Carlos Tevez's reluctance to take the pitch for Manchester City will not have impressed Paul Lake, who harboured that ambition since almost before he could walk.
He achieved it, too, progressing through the club's junior ranks to the first team and being talked of as a future England captain. And then it all went horribly wrong. In September 1990, aged 21, in only his third game as skipper, the versatile defender-cum-midfielder ruptured his cruciate ligament. What followed next was a catalogue of mismanagement, failed operations and unsuccessful comebacks until five long years later, after setting an unwanted record by spending more time in rehab at the FA's Lilleshall facility than any other player in history, he was forced to recognise that his footballing career was over. He plunged into a deep depression, and his unsparingly frank account of those dark days forms the core of this book.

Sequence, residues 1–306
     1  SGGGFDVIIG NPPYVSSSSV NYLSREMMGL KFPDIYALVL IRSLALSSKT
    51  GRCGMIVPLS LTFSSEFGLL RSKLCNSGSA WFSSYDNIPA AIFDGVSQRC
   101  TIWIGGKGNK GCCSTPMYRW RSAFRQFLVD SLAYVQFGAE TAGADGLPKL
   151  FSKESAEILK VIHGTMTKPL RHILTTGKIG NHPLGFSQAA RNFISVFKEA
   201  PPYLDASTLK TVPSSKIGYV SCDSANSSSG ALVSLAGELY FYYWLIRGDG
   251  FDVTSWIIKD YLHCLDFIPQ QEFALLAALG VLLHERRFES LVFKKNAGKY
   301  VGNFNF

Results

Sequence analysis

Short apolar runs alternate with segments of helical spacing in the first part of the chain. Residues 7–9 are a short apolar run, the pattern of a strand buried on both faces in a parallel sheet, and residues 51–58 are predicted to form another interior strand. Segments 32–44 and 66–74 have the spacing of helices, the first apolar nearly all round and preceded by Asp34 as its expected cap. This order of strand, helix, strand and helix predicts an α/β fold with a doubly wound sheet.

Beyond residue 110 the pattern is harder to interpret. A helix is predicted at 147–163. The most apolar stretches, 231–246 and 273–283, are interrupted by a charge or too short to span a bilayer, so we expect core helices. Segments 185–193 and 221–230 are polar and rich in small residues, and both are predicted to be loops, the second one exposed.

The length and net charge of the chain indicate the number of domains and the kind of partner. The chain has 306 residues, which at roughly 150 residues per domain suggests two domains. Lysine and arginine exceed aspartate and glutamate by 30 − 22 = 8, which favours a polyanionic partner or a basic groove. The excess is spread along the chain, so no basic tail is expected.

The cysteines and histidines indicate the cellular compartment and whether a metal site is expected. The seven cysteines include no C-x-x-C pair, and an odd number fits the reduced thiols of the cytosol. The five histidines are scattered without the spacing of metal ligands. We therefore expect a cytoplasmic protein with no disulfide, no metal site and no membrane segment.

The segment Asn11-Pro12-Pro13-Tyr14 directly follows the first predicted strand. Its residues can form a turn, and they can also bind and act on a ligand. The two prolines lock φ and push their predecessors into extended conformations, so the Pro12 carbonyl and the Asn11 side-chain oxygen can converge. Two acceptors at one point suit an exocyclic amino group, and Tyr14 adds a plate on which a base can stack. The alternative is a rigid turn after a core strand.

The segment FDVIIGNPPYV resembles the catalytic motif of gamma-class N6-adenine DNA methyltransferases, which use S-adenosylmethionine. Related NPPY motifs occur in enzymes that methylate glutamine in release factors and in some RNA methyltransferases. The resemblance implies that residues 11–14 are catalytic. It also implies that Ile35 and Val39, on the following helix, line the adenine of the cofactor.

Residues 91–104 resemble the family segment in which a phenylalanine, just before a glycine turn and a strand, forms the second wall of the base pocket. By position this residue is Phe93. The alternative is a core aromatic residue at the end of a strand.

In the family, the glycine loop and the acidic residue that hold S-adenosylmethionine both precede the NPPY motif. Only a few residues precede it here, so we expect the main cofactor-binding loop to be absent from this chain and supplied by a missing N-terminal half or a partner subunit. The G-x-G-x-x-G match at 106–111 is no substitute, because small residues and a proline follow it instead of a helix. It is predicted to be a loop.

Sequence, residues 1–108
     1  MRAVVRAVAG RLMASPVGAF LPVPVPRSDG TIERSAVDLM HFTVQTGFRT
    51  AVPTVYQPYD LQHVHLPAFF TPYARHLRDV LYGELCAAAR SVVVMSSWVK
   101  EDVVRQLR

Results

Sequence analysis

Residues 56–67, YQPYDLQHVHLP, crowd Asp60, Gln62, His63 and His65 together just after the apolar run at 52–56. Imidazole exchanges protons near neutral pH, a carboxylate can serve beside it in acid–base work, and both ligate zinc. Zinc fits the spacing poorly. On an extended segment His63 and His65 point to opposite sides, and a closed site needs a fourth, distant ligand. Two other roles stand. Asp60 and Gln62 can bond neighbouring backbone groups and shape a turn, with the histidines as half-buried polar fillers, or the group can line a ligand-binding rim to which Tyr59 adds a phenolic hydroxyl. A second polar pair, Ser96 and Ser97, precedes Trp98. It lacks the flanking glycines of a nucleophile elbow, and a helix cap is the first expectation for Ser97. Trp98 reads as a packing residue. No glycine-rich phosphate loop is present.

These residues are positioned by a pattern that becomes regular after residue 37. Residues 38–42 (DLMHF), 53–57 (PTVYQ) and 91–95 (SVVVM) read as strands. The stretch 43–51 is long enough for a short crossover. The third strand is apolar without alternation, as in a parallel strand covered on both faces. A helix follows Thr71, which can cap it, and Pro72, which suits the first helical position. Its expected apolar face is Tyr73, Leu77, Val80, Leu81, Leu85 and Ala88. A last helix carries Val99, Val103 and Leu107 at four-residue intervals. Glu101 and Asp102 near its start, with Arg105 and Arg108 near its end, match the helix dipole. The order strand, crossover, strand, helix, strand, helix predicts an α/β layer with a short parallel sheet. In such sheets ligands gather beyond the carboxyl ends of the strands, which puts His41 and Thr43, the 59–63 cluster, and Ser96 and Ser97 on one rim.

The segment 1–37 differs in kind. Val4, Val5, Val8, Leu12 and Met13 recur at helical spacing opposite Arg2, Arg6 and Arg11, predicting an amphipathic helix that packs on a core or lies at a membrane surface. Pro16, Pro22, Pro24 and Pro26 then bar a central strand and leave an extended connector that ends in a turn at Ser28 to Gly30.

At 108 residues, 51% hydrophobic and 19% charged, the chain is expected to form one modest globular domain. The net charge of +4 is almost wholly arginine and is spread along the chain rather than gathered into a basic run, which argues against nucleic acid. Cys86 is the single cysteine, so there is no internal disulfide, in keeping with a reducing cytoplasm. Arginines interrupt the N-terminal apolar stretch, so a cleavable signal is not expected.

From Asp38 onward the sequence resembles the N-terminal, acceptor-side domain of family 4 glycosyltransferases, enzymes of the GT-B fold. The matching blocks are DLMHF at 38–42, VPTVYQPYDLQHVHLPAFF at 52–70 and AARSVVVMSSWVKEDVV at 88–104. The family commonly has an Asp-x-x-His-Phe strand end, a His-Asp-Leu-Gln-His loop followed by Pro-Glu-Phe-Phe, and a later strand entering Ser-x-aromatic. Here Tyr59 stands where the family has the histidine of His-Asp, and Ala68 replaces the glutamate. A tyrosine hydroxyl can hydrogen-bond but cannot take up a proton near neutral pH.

He was bitter with City, who he felt had reneged on their commitments and lost interest in him, his marriage had collapsed, and he had no idea what to do next with his life. With the help of therapy, anti-depressive drugs and loyal friends such as Niall Quinn he battled back, becoming a qualified football physio. He says wistfully that his biggest regret is that his injuries don't allow him to play any form of sport, but being welcomed back to City in a new role as a community ambassador seems to have done much to ease the pain. Sadly, the German international goalkeeper Robert Enke found no such solace for his depression, ending his life at the age of 32 by stepping in front of a train in 2009. In A Life Too Short (Yellow Jersey, £16.99), Ronald Reng explores the demons that drove Enke to despair. Two outstanding, if harrowing, stories of what might have been.